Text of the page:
— A Ford Explorer carbon monoxide lawsuit has been dismissed after Washington police officers failed to convince the judge that multiple medical conditions were all caused by carbon monoxide poisoning.
The plaintiffs allege 2011-2018 Ford Explorers were designed and manufactured with flaws that “cause the presence of exhaust fumes, including carbon monoxide, in the passenger compartment while the vehicles are in use.”
According to the plaintiffs, carbon monoxide poisoning can cause symptoms such as headaches, dizziness, weakness, upset stomach, vomiting, chest pain and confusion.
But the plaintiffs allege Ford has known about defects that cause exhaust fumes in Explorers since 2012 but concealed that information from police officers and continued to sell its vehicles to police departments.
The lawsuit references customer complaints about Explorer exhaust fumes entering the cabins and allegedly causing headaches, nausea, vomiting, dizziness, lightheadedness and incidents of passing out.
The officers who sued claim they “became sick, disorganized, foggy headed, suffered medical illnesses; heart attack like symptoms, chronic carbon monoxide poisoning, acute carbon monoxide poisoning, fatigue, nausea and other disabling injury.”
The officers allege Ford hasn't compensated drivers or occupants for the carbon monoxide and exhaust fume dangers, and dealerships are unable to correctly repair the Explorers.
One trooper claims he is unable to work due to permanent brain damage caused by carbon monoxide, while other troopers allege the SUVs are too dangerous to drive.
According to the class action, multiple Explorer components are defective, including the rear air extractors, bumpers, tail pipes, exhaust manifolds and air intakes.
In granting Ford's motion to dismiss the lawsuit, the judge ruled there is a problem with fraud claims alleged by the officers because none of the officers had transactions directly with Ford considering the Explorers were issued to the plaintiffs by their police departments.
"Consequently, their damages could not have arisen purely out of Ford’s alleged fraud, as would be the case if Ford had sold them defective vehicles that are worth less than had been represented." - Judge Ronald B. Leighton
And according to Judge Leighton:
"Given that Plaintiffs never purchased vehicles, the Court is somewhat baffled about what purely economic loss they possibly could have suffered. But this is somewhat unsurprising, as Plaintiffs’ recurring theme in this case has been trying to fit the square peg of fraud into the round hole of personal injury."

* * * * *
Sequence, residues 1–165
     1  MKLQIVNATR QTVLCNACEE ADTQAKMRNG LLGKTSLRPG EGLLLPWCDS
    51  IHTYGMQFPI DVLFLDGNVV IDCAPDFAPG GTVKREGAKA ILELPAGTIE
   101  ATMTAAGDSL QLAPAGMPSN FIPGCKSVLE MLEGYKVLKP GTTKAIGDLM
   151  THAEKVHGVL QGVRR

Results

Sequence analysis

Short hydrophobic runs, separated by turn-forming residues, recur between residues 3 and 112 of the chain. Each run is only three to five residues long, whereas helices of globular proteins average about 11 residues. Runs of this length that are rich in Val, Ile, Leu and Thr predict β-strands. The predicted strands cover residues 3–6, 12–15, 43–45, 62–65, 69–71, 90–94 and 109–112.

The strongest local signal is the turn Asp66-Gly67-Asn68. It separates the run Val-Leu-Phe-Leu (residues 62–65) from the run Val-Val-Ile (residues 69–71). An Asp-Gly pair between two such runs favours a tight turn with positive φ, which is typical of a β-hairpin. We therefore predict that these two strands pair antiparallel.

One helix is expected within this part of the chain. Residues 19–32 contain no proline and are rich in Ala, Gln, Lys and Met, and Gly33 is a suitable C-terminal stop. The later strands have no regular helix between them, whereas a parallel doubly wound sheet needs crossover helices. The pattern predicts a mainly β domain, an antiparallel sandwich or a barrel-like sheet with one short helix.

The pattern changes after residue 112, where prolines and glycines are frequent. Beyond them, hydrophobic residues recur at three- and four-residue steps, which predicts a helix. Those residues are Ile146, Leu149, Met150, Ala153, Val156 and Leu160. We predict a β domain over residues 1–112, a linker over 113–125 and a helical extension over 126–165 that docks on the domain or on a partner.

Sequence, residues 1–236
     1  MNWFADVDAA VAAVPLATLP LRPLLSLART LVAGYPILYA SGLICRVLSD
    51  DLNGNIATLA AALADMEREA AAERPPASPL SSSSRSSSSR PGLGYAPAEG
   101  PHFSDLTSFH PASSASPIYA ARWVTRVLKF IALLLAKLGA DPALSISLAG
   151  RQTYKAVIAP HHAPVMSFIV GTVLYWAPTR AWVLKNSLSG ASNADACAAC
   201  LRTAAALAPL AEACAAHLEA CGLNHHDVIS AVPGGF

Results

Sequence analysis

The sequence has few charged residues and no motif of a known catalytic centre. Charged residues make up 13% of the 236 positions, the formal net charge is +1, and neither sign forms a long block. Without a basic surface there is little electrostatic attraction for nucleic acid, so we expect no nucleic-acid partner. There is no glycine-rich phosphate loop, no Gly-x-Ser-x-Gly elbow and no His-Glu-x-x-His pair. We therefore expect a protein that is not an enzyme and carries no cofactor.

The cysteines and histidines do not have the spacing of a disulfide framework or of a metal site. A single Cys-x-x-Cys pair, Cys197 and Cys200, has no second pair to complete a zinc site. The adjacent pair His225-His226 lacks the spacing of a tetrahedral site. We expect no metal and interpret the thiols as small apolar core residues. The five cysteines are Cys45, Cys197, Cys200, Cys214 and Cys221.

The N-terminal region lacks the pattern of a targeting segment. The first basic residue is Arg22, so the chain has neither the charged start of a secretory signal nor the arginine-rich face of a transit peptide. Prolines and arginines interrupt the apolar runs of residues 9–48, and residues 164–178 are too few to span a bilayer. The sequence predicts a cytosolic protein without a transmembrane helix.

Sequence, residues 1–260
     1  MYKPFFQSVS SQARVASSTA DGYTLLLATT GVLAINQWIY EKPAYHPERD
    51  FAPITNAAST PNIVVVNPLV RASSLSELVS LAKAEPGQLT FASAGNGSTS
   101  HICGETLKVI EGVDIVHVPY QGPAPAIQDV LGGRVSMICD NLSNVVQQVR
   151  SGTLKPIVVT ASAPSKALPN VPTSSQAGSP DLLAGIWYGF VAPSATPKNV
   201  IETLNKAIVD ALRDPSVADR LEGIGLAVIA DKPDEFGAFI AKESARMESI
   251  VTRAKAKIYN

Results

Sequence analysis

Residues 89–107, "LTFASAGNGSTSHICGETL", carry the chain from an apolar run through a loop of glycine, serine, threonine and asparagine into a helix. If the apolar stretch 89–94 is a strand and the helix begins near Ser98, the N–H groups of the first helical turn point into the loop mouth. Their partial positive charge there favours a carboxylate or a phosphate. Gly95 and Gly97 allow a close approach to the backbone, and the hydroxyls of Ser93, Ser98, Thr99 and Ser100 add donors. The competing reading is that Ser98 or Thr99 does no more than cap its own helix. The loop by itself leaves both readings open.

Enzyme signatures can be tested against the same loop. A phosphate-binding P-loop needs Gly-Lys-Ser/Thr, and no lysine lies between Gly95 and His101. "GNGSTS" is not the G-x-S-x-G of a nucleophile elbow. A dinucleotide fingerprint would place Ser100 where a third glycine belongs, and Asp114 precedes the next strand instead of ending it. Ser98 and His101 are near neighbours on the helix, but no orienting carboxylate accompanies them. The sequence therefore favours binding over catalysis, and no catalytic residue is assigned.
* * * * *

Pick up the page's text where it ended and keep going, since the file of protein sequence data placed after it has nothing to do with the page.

The judge also dismissed certain claims after Ford pointed out how none of the plaintiffs plead how or when they were allegedly exposed to exhaust fumes or what model year vehicles they drove.
According to the judge, the lawsuit provides almost no detail regarding experiences the plaintiffs had with Ford’s vehicles or the types of injuries they suffered.
Ford argues a class action is too broad because it would include individuals who drove 2011-2018 Ford Explorers but suffered no injuries. The judge agreed and said common sense does not suggest that every single officer driving a 2011-2018 Ford Explorer has been injured by exhaust leakage.
And while the plaintiffs argue technical service bulletins issued by Ford proves there are exhaust and carbom monoxide problems, those TSBs were also “directed to specific operating conditions and potential manufacturing variances that may or may not be present in any specific vehicle.”
In addition, Ford points out how many police Explorers were altered by police departments which had to install lights, electrical gear and other devices used by police departments. This leaves open the possibility that even if an exhaust leak occurs, it may not have been caused by Ford.
The judge also had problems with the multiple alleged symptoms reported by the plaintiffs and other officers and how those symptoms related to various possible causes.
According to the judge, police officers have reported "utterly distinct types of injuries ranging from minor 'foggy headed[ness]' to 'heart attack like symptoms' to 'chronic carbon monoxide poisoning.'”
The judge also says it's conceivable some class members could have gotten in crashes due to the effects of carbon monoxide, but a class action lawsuit is out of the question because of the variety of alleged injuries.
"If the symptoms were minor, was exhaust clearly the cause? If the class members had heart symptoms, do they have an underlying heart condition? If the class member got in a crash, were they or someone else at fault?" - Judge Leighton
The Ford Explorer carbon monoxide lawsuit was filed in the Superior Court of Washington for Clark County and transferred to the U.S. District Court for the Western District of Washington at Tacoma - Cashatt, et al., v. Ford Motor Company.
The plaintiffs are represented by Josephine C. Townsend.
Read what Ford Explorer drivers tell CarComplaints.com about the exhaust systems: